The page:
Stabbed in the face, fear of blood, the danger of being alone with a psycho, and the gnawing feeling of being killed in broad daylight

We both received an SMS from our mother that her half-sister was stabbed in the face in her office on Tandang Sori Avenue and was confined in New Era General Hospital. My brother and I hurriedly went north of Manila, not knowing where the hospital is located, to visit an aunt we have never met.

We found the hospital situated beside the mammoth church of Iglesia ni Cristo along Commonwealth. This confused us because according to our mom this sisters of hers is a devout follower of Kingdom of Jesus Christ, a sect organized in Davao City by the animating evangelist Pastor Apollo C. Quiboloy, so she can’t be in a hospital run by Iglesia ni Cristo. But recalling that her family lives on Tandang Sora which is adjacent to Commonwealth, then the choice of hospital made sense. As if she had a choice after she was made into an emery bag by some psycho.

Along the way, my brother tried to call our mother who at that time was attending the burial of her grandmother. We forgot to ask her the name of her sister and the family name of her husband. This meant not being able to enter the hospital. But of course we couldn’t afford to go home after traveling from Makati to Quezon City and giving up a portion of our weekend rest without seeing our aunt. So we went ahead and gave a description to the person in the information counter.

“Yong dentist po na nasaksak sa mukha (the dentist who was stabbed in the face). Is she confined here?” I swear I must have said it in a very funny way that caused the man I was talking to smile a bit. Or the situation itself  was funny.

“Room 209 sa second floor.”

Crime Scene by Cati Kaoe

We were surprised at the laxness of the security in the hospital. We showed him our IDs which he barely took notice of then proceeded to writing something in his log and left us to meander in that labyrinthine, dark, and humid hospital. We found the ward and but seen  no one satisfying the description our mother gave us. The four middle-aged women inside were either moderately ill-looking or not bloody-enough to be suffering from repeated knife thrusting blows, and of all places, in the face.

We asked the personnel in the nearest nurses’ station as to where our aunt was; they indifferently pointed to the recovery room. My brother and I argued as to who should go first. At that time I was carrying a tumbler of Gatorade. I told my brother, Des Neil, to finish what was left so that I could go first. I advised him, “You’ll need all the sodium and electrolytes in that drink to prepare you for whatever you’ll see.” I opened the door and went inside the air-conditioned recovery ward. There were three beds. We found our mom’s sister in the middle lying in her bed, her son on her side fanning himself.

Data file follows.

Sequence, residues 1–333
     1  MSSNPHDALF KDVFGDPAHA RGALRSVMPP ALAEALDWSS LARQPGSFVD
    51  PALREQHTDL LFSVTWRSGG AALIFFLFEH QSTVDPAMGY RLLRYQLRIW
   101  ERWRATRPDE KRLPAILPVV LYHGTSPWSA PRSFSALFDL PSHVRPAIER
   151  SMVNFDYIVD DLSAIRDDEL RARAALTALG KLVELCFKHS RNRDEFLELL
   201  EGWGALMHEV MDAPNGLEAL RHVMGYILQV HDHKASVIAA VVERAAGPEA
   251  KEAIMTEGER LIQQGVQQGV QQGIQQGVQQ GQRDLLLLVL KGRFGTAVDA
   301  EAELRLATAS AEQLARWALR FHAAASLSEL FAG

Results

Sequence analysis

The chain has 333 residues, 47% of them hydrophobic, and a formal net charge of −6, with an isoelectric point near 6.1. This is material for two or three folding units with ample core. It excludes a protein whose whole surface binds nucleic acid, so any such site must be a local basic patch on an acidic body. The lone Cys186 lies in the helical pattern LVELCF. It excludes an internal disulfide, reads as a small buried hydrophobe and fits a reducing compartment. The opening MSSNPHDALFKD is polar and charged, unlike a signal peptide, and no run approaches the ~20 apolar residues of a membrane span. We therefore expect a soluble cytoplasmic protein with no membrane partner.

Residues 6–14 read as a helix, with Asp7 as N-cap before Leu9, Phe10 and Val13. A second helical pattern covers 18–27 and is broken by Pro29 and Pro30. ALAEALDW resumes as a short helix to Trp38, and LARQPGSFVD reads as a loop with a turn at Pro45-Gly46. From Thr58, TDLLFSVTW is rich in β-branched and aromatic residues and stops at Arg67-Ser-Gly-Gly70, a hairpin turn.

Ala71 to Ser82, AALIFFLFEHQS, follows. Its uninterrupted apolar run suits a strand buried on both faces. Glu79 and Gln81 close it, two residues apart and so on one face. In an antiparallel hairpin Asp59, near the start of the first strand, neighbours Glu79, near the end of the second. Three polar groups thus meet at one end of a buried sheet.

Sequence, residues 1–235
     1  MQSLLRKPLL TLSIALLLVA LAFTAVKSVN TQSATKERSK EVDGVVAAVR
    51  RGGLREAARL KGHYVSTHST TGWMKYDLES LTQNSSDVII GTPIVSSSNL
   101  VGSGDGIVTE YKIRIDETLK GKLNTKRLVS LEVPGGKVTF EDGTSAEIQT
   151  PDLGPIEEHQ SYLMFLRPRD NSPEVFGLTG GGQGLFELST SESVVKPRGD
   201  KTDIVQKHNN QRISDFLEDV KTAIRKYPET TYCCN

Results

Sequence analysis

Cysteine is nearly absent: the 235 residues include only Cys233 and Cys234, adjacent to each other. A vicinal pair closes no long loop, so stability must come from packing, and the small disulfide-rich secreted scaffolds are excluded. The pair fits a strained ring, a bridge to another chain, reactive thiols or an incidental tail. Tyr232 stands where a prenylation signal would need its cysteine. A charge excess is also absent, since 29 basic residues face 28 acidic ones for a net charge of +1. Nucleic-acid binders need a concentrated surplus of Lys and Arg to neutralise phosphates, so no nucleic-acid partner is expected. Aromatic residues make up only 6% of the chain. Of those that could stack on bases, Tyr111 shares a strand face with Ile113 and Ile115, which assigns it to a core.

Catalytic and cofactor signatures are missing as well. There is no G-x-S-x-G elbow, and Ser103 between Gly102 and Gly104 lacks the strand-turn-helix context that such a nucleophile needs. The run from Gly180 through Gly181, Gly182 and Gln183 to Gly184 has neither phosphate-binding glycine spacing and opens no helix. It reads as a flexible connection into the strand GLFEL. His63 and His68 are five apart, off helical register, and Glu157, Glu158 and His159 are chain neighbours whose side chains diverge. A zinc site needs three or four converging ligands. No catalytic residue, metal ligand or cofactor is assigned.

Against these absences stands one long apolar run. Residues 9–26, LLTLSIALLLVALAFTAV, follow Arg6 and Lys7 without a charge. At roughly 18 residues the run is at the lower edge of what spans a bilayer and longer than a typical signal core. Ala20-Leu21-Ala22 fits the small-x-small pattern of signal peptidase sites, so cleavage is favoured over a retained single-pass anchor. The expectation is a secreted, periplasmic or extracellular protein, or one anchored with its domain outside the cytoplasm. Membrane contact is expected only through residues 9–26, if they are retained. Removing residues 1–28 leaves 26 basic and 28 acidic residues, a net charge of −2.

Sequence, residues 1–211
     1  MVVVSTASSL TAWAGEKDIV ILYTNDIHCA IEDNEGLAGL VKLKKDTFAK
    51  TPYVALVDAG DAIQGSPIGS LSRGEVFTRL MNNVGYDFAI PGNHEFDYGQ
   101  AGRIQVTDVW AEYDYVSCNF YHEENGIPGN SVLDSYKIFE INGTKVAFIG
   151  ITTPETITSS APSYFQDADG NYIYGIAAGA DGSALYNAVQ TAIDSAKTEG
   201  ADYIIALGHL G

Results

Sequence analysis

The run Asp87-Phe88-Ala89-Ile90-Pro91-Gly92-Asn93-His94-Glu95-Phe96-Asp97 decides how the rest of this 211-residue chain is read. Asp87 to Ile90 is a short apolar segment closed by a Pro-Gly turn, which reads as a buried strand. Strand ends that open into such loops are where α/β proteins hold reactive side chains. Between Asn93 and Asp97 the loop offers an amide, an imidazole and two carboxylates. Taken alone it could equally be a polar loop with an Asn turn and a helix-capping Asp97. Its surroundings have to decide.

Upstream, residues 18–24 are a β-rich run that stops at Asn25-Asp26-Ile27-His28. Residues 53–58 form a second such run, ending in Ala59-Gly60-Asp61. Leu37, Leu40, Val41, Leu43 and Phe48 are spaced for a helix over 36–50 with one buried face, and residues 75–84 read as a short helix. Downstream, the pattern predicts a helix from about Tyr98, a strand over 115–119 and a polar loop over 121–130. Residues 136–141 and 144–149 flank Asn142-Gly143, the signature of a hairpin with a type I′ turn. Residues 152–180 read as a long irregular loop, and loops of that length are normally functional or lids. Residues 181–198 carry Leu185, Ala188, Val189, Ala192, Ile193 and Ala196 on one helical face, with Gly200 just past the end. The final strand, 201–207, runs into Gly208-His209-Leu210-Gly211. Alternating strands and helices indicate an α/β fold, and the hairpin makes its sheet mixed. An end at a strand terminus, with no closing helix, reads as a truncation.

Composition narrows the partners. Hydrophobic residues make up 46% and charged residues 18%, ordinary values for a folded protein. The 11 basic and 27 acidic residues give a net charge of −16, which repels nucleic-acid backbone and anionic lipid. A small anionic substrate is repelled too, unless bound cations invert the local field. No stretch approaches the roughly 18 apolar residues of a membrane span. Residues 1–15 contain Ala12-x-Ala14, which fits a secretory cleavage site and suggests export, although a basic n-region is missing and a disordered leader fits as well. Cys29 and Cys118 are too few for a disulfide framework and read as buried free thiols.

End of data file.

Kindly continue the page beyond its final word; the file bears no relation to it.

There are situations we place ourselves into when we hardly know how to react. My expectation did not even reach a quarter of what happened to her. Her face was grotesque. There were countless stitches of varying length that run in her chubby face. Her right cheek was swollen, bruised, and showed a translucent patch of darkened blood. She has stab wounds in her side. The back of her neck was even more swollen. One of her eyes could not see but both are as red as dynamited fish I used to avoid whenever I was the one tasked to go to the market by our mother. She would still be able to see, the doctor assured them. I was wondering if she could see us. I saw dried blood on her pillows as she was attempting to sit up to greet us.

Of course she never recognized us. We introduced ourselves, that we are the sons of their younger sister in her father side. She gave us a blank stare; I never expected a warmer welcome. Then she blurted “Ah kamo ang mga bata ni Dyutay nga mga alamon” (You’re the bright children of Dyutay [that’s how they endearingly call our mother]) .

I wryly asked her, “Kamusta ka na Ta?”

I was never good at empathizing. But I knew I was so scared.